Geriatric Psychiatrist Questions Anxiety

My mother is 80 years old and has severe anxiety. Should she really be on xanex?

Because of the effects of xanex, I'm not sure if my mother should be on it any more. But I know that she suffers from severe anxiety, always did. Should we keep her on it? If not, what else would you recommend?

4 Answers

Hi. Medications such as Xanax and others in its class are contraindicated in the elderly but there is a small group of people for whom other options do not work well. The best alternative might be an antidepressant such as Lexapro and gradually tapering off the Xanax. I would strongly recommend she be fully evaluated by a geriatrically trained psychiatrist before doing anything. Thanks.
Good question.
If she has been taking it for a long time and if it helps her anxiety and she has no side effects, she should stay on.
Xanax (alprazolam) can be risky in the elderly. I wouldn't stop it abruptly, though, as there are serious withdrawal consequences. There are better medications for anxiety, but she should see a psychiatrist, preferably a geriatric psychiatrist, to safely transition her to another medication. Psychotherapy may also be helpful.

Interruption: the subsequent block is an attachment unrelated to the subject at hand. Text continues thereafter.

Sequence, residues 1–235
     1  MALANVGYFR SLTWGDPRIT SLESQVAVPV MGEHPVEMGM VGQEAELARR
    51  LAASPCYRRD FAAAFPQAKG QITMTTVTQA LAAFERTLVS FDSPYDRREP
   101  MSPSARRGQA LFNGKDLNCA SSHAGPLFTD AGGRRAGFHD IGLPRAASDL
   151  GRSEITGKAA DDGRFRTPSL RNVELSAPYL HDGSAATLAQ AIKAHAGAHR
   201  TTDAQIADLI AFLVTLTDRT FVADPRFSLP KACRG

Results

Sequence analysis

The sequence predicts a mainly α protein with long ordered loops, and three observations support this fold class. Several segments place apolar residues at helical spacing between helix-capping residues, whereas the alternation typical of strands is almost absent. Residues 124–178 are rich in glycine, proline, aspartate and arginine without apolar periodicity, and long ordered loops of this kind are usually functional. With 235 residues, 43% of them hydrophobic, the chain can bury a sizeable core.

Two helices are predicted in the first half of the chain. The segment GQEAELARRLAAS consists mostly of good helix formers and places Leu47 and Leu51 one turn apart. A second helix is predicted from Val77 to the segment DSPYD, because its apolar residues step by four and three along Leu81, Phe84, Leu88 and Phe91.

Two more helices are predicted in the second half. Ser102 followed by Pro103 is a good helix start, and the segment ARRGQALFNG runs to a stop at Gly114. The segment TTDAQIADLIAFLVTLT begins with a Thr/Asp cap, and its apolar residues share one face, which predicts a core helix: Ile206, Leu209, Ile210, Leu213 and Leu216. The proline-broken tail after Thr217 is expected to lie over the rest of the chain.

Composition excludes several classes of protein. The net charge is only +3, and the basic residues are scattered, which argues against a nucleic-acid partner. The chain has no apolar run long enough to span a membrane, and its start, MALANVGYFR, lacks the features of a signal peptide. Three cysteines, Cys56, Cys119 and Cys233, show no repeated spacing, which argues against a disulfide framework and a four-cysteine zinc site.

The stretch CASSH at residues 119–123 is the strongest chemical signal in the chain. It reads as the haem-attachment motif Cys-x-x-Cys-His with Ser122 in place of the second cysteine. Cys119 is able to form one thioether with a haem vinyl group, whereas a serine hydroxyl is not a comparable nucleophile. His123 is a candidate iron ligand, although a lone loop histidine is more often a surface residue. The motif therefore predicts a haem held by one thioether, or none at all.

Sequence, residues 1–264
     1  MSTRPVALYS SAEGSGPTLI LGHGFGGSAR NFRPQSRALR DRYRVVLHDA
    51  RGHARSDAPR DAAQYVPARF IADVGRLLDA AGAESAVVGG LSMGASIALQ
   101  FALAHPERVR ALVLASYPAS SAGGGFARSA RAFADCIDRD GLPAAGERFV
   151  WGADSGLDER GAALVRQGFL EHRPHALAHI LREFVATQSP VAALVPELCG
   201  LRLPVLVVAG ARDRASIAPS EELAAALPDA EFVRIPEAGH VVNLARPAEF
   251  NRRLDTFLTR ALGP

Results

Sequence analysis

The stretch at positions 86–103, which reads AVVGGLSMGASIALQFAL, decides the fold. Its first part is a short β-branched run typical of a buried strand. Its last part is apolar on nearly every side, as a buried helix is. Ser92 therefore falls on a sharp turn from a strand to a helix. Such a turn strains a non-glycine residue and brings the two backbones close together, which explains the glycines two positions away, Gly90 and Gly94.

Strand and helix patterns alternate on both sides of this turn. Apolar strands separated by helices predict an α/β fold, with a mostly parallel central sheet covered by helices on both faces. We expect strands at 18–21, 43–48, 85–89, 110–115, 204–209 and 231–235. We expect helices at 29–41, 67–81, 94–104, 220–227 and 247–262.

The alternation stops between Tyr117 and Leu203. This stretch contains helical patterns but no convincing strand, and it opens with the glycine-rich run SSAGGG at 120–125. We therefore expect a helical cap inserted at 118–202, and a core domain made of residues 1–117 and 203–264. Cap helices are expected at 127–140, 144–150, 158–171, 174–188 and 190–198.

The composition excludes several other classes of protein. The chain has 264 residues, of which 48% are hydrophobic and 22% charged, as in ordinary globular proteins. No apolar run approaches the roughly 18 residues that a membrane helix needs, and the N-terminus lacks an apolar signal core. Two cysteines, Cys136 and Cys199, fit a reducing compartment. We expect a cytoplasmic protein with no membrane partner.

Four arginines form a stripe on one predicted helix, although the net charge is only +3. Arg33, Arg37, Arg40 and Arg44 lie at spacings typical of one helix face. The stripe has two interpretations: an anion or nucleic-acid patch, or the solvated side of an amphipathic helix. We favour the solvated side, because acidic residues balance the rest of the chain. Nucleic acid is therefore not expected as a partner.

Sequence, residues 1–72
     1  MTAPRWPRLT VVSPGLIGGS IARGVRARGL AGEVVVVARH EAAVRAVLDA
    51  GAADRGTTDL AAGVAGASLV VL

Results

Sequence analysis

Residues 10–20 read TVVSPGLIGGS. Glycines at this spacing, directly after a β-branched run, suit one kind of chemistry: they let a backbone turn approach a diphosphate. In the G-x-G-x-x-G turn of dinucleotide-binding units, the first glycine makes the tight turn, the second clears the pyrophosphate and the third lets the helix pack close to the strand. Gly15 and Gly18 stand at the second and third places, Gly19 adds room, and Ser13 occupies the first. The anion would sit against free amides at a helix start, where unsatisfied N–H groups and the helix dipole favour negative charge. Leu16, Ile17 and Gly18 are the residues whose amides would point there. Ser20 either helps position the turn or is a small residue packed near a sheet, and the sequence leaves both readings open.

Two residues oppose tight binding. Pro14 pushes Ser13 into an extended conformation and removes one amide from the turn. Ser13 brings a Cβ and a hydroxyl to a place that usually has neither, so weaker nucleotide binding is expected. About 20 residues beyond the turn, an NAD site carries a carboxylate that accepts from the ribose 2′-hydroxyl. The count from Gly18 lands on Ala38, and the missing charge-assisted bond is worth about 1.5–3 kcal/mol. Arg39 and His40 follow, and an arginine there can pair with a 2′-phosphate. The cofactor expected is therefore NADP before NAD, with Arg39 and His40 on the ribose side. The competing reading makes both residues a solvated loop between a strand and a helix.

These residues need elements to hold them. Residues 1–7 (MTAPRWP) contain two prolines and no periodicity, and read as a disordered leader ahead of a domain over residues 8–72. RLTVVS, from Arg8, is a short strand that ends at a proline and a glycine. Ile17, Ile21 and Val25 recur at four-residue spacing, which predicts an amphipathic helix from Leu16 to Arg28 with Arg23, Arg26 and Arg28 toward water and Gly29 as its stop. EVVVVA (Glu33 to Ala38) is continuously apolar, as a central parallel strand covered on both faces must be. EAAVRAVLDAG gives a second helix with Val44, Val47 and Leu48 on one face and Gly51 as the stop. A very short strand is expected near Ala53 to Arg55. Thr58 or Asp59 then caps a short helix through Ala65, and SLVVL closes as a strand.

She should be slowly tapered off Xanax which is already impairing her memory. She should NOT be placed on any other benzodiazepine. Alternative medications could be selected after evaluating her history and what other meds she has taken for treatment of anxiety and any medical problems she may have and current concomitant medications. Possible alternatives include Cymbalta, Lexapro, Neurontin (all for preventing chronic anxiety) or "rescue, non-addictive medications" which start to work in 20 minutes, full effect in 2 hours and last 6-12 hours, including Vistaril, Atarax and Inderal. There are certainly other alternatives, depending other history